That brings me to another movie we watched during the 4th of July weekend.  “The Patriot” starring Mel Gibson. What is it about Mel and violence and blood?  I had to cover my eyes more than once because it was so brutal and terribly bloody.  Of course, war is all of that but Gibson took it to the next extreme level with some good principles in place. The French helped the early American settlers to gain their freedom from the British imperialists.  French are all about liberty, as are Americans!

Maybe that is what Kazakhstan needs to sort out. Who will really help them get out from under the former Communist past and to stay ahead or away from the terrorist element that would LOVE to come in to strike fear in the people.  Not to mention the other threat to the east, a very big country that is burgeoning with many young males who are a product of the “One Child” policy.  Kazakhstan is the country to watch to see how they can stay afloat in wanting peace.  That is what the eight priests in “Of Gods and Men” wanted but they were martyred for their faith.  What is Kazakhstan’s faith?  Is it in themselves and their past? Is it really Muslim? Is it materialism and a reaction against communism?  Time will tell…

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Billboards of Traditional Kazakhs and Christmas Trees

Today’s blog will feature some photos I’ve taken in the last month.  I don’t seem to get my camera in my purse when the HUGE tree outside of our campus is all lit up.  Sunday when I was there at work, it wasn’t all BLUE with white decorations shining brightly, last night it was all lit up.  Of course, I didn’t have my camera then. (sigh)  It took the workers about a week to put the finishing touches of bows, balls and lights up on this 45-50 foot tree while using three cherry pickers.  I just wish I had the photo showing the blue lights.  Well, the other three photos are billboards in my neighborhood that I’ve been meaning to take for some time.  One is a Kazakh dancer, another a dombra player and the third is a man who trains birds to hunt small game. All very Kazakh.  Next time I’ll show the beautifully lit Christmas tree at our university which is referred to by the locals as a “New Years” tree. Of course, they don’t celebrate Christmas here in this Muslim land.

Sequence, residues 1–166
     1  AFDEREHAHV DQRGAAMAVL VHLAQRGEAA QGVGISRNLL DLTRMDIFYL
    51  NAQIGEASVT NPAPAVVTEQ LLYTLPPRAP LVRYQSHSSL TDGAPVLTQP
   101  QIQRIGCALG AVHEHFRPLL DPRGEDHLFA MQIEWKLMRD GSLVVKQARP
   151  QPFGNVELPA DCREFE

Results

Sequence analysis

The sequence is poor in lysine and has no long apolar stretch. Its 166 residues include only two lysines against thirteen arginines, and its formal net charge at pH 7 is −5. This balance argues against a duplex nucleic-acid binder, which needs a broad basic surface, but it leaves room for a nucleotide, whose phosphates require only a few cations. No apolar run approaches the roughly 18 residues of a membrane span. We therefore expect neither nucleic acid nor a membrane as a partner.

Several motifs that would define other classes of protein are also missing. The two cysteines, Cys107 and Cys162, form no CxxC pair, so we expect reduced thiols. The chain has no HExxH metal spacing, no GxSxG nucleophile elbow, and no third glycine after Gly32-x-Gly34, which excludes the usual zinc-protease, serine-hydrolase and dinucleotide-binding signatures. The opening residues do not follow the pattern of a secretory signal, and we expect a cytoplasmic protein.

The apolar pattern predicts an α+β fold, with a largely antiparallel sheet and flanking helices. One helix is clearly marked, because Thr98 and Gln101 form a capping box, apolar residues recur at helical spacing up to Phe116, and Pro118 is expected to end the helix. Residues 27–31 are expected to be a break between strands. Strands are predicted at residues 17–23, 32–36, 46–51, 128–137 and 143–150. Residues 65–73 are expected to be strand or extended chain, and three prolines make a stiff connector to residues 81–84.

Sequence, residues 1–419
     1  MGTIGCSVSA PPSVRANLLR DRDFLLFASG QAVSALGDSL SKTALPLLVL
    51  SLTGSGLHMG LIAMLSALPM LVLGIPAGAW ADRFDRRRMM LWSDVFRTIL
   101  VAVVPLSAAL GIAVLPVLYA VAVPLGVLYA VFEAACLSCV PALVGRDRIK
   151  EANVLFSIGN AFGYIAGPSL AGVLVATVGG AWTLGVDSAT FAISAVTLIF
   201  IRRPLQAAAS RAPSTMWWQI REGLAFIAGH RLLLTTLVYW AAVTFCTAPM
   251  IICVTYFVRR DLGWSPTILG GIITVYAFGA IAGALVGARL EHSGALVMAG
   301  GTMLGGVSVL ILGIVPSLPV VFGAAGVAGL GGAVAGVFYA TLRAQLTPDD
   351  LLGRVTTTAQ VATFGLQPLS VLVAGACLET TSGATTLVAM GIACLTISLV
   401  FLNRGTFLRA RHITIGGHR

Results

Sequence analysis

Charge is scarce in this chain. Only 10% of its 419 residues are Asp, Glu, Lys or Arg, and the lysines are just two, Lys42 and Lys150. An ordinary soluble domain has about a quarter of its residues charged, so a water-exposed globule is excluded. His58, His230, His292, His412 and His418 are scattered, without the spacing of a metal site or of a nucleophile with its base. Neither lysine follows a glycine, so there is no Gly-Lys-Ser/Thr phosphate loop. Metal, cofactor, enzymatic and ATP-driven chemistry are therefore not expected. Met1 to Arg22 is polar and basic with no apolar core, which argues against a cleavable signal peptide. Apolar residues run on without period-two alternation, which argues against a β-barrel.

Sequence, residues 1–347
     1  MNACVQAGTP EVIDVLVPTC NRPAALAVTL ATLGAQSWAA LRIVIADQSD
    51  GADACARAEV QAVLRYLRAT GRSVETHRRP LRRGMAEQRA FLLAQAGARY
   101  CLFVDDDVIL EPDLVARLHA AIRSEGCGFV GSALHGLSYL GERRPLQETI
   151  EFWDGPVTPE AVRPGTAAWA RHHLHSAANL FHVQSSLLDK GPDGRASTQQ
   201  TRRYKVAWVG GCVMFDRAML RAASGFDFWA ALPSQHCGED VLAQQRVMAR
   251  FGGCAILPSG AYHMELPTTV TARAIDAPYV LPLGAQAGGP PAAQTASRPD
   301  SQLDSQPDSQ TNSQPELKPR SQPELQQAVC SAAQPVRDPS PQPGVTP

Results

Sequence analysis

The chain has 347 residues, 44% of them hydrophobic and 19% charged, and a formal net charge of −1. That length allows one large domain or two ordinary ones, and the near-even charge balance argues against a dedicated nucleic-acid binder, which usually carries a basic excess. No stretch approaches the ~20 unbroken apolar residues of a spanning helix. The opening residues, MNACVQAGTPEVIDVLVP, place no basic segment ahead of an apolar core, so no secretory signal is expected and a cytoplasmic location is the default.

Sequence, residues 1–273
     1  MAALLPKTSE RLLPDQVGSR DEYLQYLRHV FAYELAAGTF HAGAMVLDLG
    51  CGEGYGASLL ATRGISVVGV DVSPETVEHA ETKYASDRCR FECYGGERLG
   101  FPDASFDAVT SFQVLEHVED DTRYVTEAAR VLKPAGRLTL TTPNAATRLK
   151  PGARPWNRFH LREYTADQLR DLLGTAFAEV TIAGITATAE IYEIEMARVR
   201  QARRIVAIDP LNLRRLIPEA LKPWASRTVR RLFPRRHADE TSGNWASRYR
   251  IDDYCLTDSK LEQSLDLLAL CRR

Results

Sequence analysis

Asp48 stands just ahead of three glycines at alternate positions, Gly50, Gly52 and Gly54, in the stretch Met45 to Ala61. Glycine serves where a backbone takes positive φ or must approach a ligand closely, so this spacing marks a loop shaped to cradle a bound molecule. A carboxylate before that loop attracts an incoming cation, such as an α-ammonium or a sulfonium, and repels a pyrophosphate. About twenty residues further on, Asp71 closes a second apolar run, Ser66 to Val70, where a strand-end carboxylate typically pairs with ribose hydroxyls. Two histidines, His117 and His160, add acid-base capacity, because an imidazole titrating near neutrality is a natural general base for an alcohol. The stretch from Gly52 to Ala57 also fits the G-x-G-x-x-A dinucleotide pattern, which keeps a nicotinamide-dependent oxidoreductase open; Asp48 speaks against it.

You have to know, the Astana city streets are all “dressed to the nines,” as they say.  Lights everywhere, decorated trees everywhere, especially in the new part of the city where we live.  This area of strange architectural wonders is now known as the RED ZONE, but I call it the colorful zone! Yes we have some very important heads of state representing 55 countries who are here in Astana for a two day summit conference.  The likes of Hillary, Sarkozy, Merkel and many others will no doubt see the tree in front of our university along with all the other lights and buildings.  Astana is spectacular yet what was blowing from the west was a very cold wind chill.  I almost felt sorry for the police who are standing along all the routes about 100 feet apart making sure that nothing happens that would diminish the glory of Astana’s preparation for the summit.  All of us residents will be glad when everything is back to “normal” as we know it.

Please note my little Christmas tree that Ken and I set up a week or so ago.  I love this little tree made in Poland but with Chinese twinkling lights and ornaments added with each passing year. 

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Troubling News: Digital Age Plagiarism

Plagiarism is nothing new, especially for this writing teacher who can spot it a mile away. The key to early detection is to have students do a lot of “in-class” writing. Then you can easily discover when they submit other hard copy assignments, why they did such a stellar job. is also another quick way to find out when the student might have copied some quotes that are not their own words.